GENEVA (AFP) - The UN refugee agency said it had launched a huge operation Wednesday to bring desperately needed aid to half a million Iraqis driven from their homes by jihadist rebels.
"It's the largest single aid push we have mounted in more than a decade," UNHCR chief Antonio Guterres said in a statement.
The first Boeing 747 of the 10-day operation flew into the Iraqi Kurdish city of Erbil from Jordan carrying 100 tonnes of aid including tents, plastic sheets, kitchen sets, and jerry cans.
It was the first consignment in an operation that aims at bringing a total of 2,410 tonnes of aid by the start of September.
Three other flights were due to leave Jordan on Thursday, Friday and Saturday carrying 100 tonnes each.
Aid was also on its way by road and sea, with 175 trucks bringing tents, blankets, plastic tarpaulins, and household items across borders from Turkey, Jordan and Iran from UNHCR warehouses in the region and Europe.
"This is a massive logistics operation to bring in relief supplies by air, land, and sea to help the hundreds of thousands of desperate people who have fled suddenly with nothing but their lives, and are now struggling to survive in harsh conditions," said Mr Guterres.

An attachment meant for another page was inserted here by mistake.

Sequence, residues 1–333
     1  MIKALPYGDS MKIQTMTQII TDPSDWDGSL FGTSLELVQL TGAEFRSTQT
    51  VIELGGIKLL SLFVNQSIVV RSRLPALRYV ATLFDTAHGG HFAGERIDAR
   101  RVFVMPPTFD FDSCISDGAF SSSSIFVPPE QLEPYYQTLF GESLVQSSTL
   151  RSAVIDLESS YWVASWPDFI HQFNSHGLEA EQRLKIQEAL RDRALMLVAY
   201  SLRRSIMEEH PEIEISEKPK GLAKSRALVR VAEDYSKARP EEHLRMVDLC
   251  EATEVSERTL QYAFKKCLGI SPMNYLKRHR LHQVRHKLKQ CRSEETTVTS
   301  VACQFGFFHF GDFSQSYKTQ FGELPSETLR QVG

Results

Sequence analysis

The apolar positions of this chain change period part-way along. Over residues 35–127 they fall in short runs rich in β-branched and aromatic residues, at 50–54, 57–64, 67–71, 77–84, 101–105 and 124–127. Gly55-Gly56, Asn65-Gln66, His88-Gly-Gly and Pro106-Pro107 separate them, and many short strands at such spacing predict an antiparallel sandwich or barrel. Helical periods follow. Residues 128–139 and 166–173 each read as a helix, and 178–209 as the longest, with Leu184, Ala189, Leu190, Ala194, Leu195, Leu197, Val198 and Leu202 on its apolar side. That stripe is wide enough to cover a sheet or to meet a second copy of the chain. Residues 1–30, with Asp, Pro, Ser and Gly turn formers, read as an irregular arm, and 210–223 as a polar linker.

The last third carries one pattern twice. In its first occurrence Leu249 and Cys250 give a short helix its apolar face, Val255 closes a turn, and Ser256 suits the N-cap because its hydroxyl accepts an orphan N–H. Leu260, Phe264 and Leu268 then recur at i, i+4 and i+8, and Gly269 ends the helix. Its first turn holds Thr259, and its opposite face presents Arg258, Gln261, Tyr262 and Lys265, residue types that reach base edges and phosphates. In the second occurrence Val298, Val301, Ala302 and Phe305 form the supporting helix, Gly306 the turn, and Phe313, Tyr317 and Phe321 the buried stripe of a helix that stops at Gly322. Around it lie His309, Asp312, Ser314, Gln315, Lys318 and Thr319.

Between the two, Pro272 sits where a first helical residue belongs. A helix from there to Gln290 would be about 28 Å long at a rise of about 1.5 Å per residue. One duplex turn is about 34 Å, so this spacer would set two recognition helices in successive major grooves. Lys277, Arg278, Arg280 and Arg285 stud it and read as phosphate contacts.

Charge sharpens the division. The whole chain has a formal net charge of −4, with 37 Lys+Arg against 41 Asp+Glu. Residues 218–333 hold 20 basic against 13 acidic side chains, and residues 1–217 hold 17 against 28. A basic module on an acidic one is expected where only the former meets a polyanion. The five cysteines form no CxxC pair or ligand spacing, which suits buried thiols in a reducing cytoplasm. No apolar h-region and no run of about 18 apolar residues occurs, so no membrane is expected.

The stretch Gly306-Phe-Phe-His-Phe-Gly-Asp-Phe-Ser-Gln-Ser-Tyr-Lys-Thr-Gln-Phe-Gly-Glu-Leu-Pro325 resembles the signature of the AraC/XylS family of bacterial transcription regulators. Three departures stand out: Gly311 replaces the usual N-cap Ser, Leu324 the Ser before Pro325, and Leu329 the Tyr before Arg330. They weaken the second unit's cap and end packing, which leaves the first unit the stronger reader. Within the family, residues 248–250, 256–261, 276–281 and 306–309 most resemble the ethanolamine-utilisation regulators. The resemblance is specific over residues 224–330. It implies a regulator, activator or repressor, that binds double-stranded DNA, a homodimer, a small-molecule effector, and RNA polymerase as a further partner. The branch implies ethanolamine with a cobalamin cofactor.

The goal, the agency said, is to help almost 500,000 displaced people in the region, many of whom are crammed into unfinished buildings, living in parks or by the roadside.
Jihadists from the Islamic State group which had already occupied parts of Syria launched an offensive in Iraq in June and rapidly seized much of its Sunni heartland.
They have declared a "caliphate" in a region straddling the Iraq-Syria border, and have taken Iraq to the brink of breakup.
Many of those fleeing have found a haven in Iraq's Kurdistan region, whose fighters have provided a bulwark against the jihadists.
The UNHCR said Kurdistan was hosting over 600,000 internally displaced civilians, among them more than 200,000 people who have fled the flashpoint Sinjar area since the beginning of this month.
They include members of Iraq's Christian and Yazidi religious minorities, whom the jihadists have given a "convert or die" option.
Across Iraq, an estimated 1.2 million people have been displaced so far this year, including over 500,000 who fled fighting in the Anbar region which erupted in January.